___________________________________________________

And now the next statement.   "Doubled education expenditure since the 70's"

How much is your house worth?  How much was it worth 20 years ago?  Dusty Rhodes says mine is worth 2 1/2 times what I bought for in 1983.  .

Your first paragraph is exactly the kind of information that people need to know.

As I pointed out, the average Special Ed student cost about 15K , and the rest of the students average cost about 10.8K in 06-07, but your info shows what kind of deficiency that causes our district for last year. These detailed costs should be available on the district web site. (I am a bookkeeper for a nonprofit , and all specific costs are available to all givers.)I don't care if the money comes from the state or through the state from the fed, I think all funds and costs should be visible and detailed on the financial statements.

You are correct about real estate values over the last 20 years. (until recently).The values have grown way more than inflation, so your property taxes have also. More than 1/2 of my tax bill is for the schools.

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All I am trying to point out ,with all the research I did yesterday, is that the work sheets for ODE seem to show that when all the costs of all the special instruction are accounted for, we have still been spending at least as much as the average Ohio district on the rest of the students. So, with less students, and fewer buildings, and with high unemployment, it doesn't seem fair to ask for higher property taxes.

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WWW, I respect your opinions, but I think perhaps you are being a bit defensive because you seem to assume any comment I make is directed at Winton Woods.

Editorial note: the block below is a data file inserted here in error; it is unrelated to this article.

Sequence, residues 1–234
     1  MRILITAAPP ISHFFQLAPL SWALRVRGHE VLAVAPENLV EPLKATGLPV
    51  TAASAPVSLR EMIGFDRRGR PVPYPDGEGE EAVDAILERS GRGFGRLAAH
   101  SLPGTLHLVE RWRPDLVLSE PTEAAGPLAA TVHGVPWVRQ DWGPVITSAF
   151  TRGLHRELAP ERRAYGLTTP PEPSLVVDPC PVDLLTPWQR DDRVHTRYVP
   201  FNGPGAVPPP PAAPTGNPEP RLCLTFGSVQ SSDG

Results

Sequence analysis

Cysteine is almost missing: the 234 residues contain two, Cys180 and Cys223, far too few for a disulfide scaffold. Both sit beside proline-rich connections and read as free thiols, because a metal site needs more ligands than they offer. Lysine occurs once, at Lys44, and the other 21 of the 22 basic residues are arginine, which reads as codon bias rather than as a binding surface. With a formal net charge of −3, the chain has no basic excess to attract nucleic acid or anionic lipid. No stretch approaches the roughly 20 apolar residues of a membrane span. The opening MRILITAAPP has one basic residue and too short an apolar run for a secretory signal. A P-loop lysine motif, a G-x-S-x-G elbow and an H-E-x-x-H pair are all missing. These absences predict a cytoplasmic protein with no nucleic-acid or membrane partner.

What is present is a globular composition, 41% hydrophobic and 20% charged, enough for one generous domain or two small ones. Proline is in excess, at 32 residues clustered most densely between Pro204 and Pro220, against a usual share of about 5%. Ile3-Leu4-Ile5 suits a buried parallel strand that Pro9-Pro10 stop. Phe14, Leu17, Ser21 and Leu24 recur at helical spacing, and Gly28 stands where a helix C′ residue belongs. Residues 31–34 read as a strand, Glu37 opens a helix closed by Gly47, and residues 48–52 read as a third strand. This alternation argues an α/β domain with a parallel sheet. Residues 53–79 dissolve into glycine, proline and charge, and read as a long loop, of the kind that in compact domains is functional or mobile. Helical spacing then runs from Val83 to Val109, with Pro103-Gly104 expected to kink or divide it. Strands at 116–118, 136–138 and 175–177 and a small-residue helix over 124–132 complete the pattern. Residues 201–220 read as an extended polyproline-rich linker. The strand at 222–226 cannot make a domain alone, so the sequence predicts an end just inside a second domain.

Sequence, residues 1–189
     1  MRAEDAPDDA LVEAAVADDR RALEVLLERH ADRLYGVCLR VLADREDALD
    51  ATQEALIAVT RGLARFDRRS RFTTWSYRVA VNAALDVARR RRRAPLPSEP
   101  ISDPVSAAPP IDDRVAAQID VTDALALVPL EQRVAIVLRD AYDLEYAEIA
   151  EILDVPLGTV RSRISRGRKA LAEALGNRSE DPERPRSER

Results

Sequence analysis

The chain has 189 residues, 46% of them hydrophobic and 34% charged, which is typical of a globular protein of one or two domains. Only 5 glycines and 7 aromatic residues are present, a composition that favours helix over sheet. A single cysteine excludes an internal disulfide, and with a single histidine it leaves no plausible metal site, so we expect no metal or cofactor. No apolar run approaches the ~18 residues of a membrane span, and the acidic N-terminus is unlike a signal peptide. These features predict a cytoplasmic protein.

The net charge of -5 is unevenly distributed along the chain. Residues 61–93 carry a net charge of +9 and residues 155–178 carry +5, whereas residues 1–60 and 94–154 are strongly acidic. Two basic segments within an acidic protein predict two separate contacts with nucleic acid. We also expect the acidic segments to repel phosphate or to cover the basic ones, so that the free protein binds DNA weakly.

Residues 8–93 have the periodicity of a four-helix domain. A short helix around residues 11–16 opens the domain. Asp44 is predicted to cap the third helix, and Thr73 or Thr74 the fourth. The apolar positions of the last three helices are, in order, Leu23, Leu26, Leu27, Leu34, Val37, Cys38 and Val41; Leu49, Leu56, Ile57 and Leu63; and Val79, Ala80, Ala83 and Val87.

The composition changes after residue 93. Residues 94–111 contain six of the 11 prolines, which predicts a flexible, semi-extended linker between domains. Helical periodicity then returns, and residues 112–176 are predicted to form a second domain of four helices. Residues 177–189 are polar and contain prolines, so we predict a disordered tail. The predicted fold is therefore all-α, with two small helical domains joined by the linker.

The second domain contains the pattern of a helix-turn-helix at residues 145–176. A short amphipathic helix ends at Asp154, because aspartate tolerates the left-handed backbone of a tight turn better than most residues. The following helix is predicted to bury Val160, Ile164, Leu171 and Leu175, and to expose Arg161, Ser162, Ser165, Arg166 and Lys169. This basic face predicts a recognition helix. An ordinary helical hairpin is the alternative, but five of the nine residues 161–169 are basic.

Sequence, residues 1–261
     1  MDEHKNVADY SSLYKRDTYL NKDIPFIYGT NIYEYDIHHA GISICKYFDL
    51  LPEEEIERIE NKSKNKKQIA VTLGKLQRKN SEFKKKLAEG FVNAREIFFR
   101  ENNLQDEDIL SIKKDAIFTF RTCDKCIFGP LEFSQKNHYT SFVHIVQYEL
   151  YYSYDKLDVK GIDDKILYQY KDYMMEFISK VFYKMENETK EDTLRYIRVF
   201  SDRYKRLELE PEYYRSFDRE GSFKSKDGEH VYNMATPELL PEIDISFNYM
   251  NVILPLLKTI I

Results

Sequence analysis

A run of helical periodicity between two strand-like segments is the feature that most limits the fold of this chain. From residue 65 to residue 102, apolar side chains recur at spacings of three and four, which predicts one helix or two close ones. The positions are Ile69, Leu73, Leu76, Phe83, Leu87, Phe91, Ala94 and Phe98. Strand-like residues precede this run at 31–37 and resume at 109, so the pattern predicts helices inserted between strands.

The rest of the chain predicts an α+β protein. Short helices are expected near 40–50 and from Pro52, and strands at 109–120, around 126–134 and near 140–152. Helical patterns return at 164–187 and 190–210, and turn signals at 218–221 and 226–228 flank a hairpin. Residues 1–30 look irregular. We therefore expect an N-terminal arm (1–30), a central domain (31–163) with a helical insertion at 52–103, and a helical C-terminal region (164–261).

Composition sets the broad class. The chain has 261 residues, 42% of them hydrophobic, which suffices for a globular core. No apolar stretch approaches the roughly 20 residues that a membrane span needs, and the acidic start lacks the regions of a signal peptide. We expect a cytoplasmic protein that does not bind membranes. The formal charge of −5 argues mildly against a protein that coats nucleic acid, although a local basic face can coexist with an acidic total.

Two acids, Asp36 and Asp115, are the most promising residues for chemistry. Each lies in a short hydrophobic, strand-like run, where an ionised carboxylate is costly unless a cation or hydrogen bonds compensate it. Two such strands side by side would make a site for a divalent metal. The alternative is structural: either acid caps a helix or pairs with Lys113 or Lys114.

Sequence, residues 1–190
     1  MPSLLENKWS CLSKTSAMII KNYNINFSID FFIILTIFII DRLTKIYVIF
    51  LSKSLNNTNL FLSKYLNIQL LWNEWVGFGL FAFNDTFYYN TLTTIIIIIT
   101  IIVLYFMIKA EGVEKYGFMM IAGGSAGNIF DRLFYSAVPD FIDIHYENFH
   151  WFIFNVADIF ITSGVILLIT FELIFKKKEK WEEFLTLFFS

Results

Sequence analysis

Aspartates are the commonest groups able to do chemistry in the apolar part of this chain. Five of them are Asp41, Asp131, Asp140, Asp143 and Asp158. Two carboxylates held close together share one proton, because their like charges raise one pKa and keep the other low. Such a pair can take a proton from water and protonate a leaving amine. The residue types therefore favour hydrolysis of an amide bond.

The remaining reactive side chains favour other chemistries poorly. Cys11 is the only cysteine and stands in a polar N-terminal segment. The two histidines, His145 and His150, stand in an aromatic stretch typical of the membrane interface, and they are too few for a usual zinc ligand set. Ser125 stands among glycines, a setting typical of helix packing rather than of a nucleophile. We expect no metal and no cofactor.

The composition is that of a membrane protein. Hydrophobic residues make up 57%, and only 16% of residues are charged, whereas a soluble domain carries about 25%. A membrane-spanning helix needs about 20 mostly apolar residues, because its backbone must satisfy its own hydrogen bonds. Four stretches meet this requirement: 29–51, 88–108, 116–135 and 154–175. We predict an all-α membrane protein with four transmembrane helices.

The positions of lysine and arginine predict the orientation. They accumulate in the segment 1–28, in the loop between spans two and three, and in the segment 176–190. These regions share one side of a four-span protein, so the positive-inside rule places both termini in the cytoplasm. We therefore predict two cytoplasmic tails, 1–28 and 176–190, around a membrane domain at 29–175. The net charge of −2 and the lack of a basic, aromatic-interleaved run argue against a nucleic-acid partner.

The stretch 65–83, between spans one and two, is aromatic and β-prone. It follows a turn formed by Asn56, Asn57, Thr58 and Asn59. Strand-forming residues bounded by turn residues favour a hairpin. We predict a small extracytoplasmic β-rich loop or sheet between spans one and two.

If I misunderstood your intent (gosh, that never happens to me here blink.gif ) then I apologize. You kind of started off your post talking about our 18%, I thought that's where you were going.

However, whether you are about the microcosm level at Winton Woods or the Macro nationally, the realities are the realities. If I come off defensive it is because we get castigated by some for spending too much and uncomfortably placing ourselves between those who are least able to defend themselves as scapegoats as the reason. We will educate, each child, to their fullest potential, the caveat(for 1 in 5 students) is "and do it as the Federal government tells us to do it and spend the limited and inadequate funds they provide, only as they require us to spend and nothing else" If it's not enough, well it comes out of our (yours and my) pocket.

I do think we can find common ground in saying that I have no idea what the US Dept. of Education does for or with their monies. Frankly, it's pretty easy to say that about a bunch different Federal entities. Legislation comes through Congress (and our State Legislature) and they don't seem to be able to pass new regulations on schools that come attached with any funding. Again, who's left holding the tab?

So, beyond the $1.5 Million per year shortfall of IDEA funding

The State decides to NOT add any new money to the formula for 7 years running.

Tangible Business Personal Property Tax Eliminated (A $2 Million hit to us, gone since 2006)

Funds Going to Charter Schools (mostly extremely poor performing Charter Schools. (Up by about $1 Million since the last levy)

Jarrod's Law Regs $$$ (then repeal most of it after we complied)

Full Day Kindergarten $$$

Expanded Testing and Paperwork $$$$$

All since the last levy.... Frustrating.

The residents of Greenhills, Forest Park and Springfield Twsp. have been generous in supporting the public schools in passing five levies since 1976. These are our kids and the calvary is not riding in from Columbus or Washington to help anytime soon.

Let's not shoot ourselves in the foot.

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If I misunderstood your intent (gosh, that never happens to me here blink.gif ) then I apologize. You kind of started off your post talking about our 18%, I thought that's where you were going.

No worries Warrior, until they invent tone-of-voice fonts we will all misread each other from time to time. My 18% comment was more of an aside than anything - it is a surprisingly high number suggesting either a very broad definition of disabled, or an unusual concentration of disabled students in the district. My guess is that a smaller percentage are truly disabled in the way most lay people think of the term, where the remainder are disadvanted somehow by socio-economic issues or behavior issues, but not really disabled in the way most people would think of the term.